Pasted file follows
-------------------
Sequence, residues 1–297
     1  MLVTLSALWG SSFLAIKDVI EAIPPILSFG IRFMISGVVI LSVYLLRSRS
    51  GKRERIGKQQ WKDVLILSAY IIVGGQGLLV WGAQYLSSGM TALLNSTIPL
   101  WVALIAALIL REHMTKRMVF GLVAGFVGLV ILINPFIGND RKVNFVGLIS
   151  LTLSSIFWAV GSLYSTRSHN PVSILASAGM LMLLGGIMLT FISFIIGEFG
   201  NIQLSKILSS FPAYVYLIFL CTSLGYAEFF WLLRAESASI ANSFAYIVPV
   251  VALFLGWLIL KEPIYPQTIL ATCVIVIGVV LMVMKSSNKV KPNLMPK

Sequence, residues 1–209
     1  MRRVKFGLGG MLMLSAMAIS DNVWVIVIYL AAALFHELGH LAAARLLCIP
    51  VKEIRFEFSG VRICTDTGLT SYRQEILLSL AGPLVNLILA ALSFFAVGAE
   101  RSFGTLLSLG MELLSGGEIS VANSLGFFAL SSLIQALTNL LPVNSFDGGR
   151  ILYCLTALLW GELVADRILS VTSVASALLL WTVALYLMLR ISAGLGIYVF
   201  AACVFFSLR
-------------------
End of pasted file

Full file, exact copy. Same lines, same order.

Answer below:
Sequence, residues 1–297
     1  MLVTLSALWG SSFLAIKDVI EAIPPILSFG IRFMISGVVI LSVYLLRSRS
    51  GKRERIGKQQ WKDVLILSAY IIVGGQGLLV WGAQYLSSGM TALLNSTIPL
   101  WVALIAALIL REHMTKRMVF GLVAGFVGLV ILINPFIGND RKVNFVGLIS
   151  LTLSSIFWAV GSLYSTRSHN PVSILASAGM LMLLGGIMLT FISFIIGEFG
   201  NIQLSKILSS FPAYVYLIFL CTSLGYAEFF WLLRAESASI ANSFAYIVPV
   251  VALFLGWLIL KEPIYPQTIL ATCVIVIGVV LMVMKSSNKV KPNLMPK

Sequence, residues 1–209
     1  MRRVKFGLGG MLMLSAMAIS DNVWVIVIYL AAALFHELGH LAAARLLCIP
    51  VKEIRFEFSG VRICTDTGLT SYRQEILLSL AGPLVNLILA ALSFFAVGAE
   101  RSFGTLLSLG MELLSGGEIS VANSLGFFAL SSLIQALTNL LPVNSFDGGR
   151  ILYCLTALLW GELVADRILS VTSVASALLL WTVALYLMLR ISAGLGIYVF
   201  AACVFFSLR